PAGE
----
'A Picture of War is Not War', we read in Hito Steyerl's iconic film November (2004), an essayistic Super 8 film tackling the definition of terrorism constructed around the figure of the artist's best friend Andrea Wolf, who was killed as a terrorist in 1998 in Eastern Anatolia after she joined the PKK (Kurdistan Workers' Party). Mixing documentary...
There has been a flurry of triennial and biennial art activity in Japan this year. The Aichi Triennale opened in Nagoya this August, sparking a national debate about the shutting down of a display of formerly censored works—the result of public backlash against a burnt image of Emperor Hirohito and a statue commemorating the women forced into...
Hans Hartung and Art Informel at Mazzoleni London (1 October 2019-18 January 2020) presents key works by the French-German painter while highlighting his connection with artists active in Paris during the 50s and 60s. In this video, writer and historian Alan Montgomery discusses Hartung's practice and its legacy.Born in Leipzig in 1904, Hans...
In the early 1950s, Andy Warhol collaborated with the young author Ralph Thomas (Corkie) Ward on a small number of illustrated and self-published books. Their first joint publication was A Is an Alphabet from 1953, a collection of 26 loose pages that combine a silhouette by Warhol with a verse by Corkie. Each of Corkie's texts describe an encounter between an animal, whose name begins with the letter of the alphabet to which it is assigned, and a human figure (or pair of figures) drawn by Warhol on the top half of the sheet.
Warhol executed his drawings in the blotted line technique, which had become his first signature style and with which he made a name for himself as an illustrator within the New York publishing world.
'The blotting method probably gave Warhol the idea of having books printed from his drawings. In theory, this presented no difficulty, since there was no longer any real conceptual difference between the original and the reproduction: the style of the blotted line was determined not by individual whim but by mechanical accident. Warhol's friends applied the colour in most of the books; the drawings Warhol coloured himself cannot be distinguished from those done by his assistants: all were done quickly, with little regard for borders or boundaries.'1
The emphasis on reproduction inherent to the blotted line technique continues in the figures within the drawings. Isolated individually or in pairs, it seems of little importance whether they are depicted here for the first time or originate instead from earlier works. Some of the figures had already appeared in other contexts or would soon: in the book jackets Warhol designed for New Directions, his illustrations for Glamour or Park East, or his LP covers for Columbia and Caedmon Records. Detached from their pictorial frameworks, and presented in the publication of an alphabet, the figures in A Is an Alphabet can be considered as prototypes. With each figure or pair assigned to a letter, they are components of a visual vocabulary.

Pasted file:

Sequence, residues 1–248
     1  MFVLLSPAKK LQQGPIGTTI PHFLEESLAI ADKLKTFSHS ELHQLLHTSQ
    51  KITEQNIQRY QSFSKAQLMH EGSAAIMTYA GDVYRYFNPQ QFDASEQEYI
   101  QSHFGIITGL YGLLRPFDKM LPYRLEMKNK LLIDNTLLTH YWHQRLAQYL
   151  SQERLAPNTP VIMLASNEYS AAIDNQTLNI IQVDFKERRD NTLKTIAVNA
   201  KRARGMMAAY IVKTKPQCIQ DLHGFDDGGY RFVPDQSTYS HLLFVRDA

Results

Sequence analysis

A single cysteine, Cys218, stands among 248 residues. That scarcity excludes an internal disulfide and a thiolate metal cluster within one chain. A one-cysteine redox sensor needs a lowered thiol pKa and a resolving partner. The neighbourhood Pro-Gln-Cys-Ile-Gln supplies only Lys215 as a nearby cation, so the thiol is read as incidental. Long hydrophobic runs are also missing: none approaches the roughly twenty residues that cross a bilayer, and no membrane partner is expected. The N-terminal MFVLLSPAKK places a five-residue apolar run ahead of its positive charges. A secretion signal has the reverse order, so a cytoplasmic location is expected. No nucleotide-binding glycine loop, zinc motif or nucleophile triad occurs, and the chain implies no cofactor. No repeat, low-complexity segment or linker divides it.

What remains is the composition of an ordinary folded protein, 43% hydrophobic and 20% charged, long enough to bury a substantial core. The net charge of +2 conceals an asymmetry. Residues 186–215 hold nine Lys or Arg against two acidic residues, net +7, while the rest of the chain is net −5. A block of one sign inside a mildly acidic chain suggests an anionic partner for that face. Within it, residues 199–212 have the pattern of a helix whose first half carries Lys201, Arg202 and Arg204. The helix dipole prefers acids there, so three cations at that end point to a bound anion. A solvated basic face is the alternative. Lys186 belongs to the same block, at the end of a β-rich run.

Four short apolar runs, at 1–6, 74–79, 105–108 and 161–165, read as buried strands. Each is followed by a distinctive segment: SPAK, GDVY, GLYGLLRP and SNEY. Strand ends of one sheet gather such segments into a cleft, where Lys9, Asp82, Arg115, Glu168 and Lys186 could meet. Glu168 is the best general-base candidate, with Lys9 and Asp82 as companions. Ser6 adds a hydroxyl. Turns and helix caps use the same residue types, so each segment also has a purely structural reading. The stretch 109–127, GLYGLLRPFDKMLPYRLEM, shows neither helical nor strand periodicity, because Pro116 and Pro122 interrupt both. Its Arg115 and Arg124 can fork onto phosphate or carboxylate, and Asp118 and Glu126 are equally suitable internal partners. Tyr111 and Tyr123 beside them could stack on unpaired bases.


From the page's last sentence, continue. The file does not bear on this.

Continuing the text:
In a series of large-format drawings, dating from c. 1953 and shown for the first time in this exhibition, Warhol combines the figures from A Is an Alphabet but abstains from giving them a figurative pictorial context, instead distributing them loosely across the paper to create formal compositions. At times, he does so in a way that could suggest combinations of letters, for example when he decides to place the figures side-by-side like a string of text.
Warhol and Corkie also worked together on an earlier, unpublished book project, THE HOUSE THAT went to TOWN, in 1952/1953. The original manuscript of 40 light-blue pages is housed at the Andy Warhol Museum in Pittsburgh. Here, we present a selection of draft designs for individual pages.
'As the only book he designed that features a complete, continuous plot and was conceived for double-page spreads, The House That Went to Town occupies a special place in Warhol's oeuvre. This unpublished manuscript tells the story of a personified house whose parts break free and move into the city. It begins with the headboard and footboard, which grow bored and separate from the bed, which is sleeping all the time, and leave it behind on the floor. But they wake the dozing chair, which then out of curiosity follows its furniture companions into the city. They do not get far, however: the picture hanging on the wall wants to come along, and it threatens the chair that it will wake the bed if the chair does not do what it asks. With a furrowed brow, the chair takes the picture down and takes it along. No sooner have they passed the snoring door than the hinges wake up and demand of the door that they be allowed to come along. When the door wants to keep resting, the hinges too threaten to wake the bed, so that the door has no choice but to go into the city with the hinges. The wall, which is already falling to pieces, and the doormat pretend to be sleeping the whole time. It too goes into the city, to search for a plasterer. Initially, the roof thinks it will collapse without the wall, and so it decides to follow the others. When they arrive in the city, they make so much joyful noise that it awakens the slumbering oak floor, which lets out such a scream that the bed is aroused. The bed then leaps up, looks around, and lets out a shout that can be heard in the city. The carousing parts of the house, shaken out of their festive glee, stop their clowning. With heads hanging, they all come back and go to bed. The book ends almost as it began: with an image of the sleeping bed.'2
1. Crone, Rainer, in: Andy Warhol: His Early Works. 1947—1959, in: Gotham Book Mart Gallery, New York (1971)
2.Dobner, Marianne: The House That Went to Town. Warhol as a Children's Book Designer, in: Reading Andy Warhol, Museum Brandhorst, München (2013)
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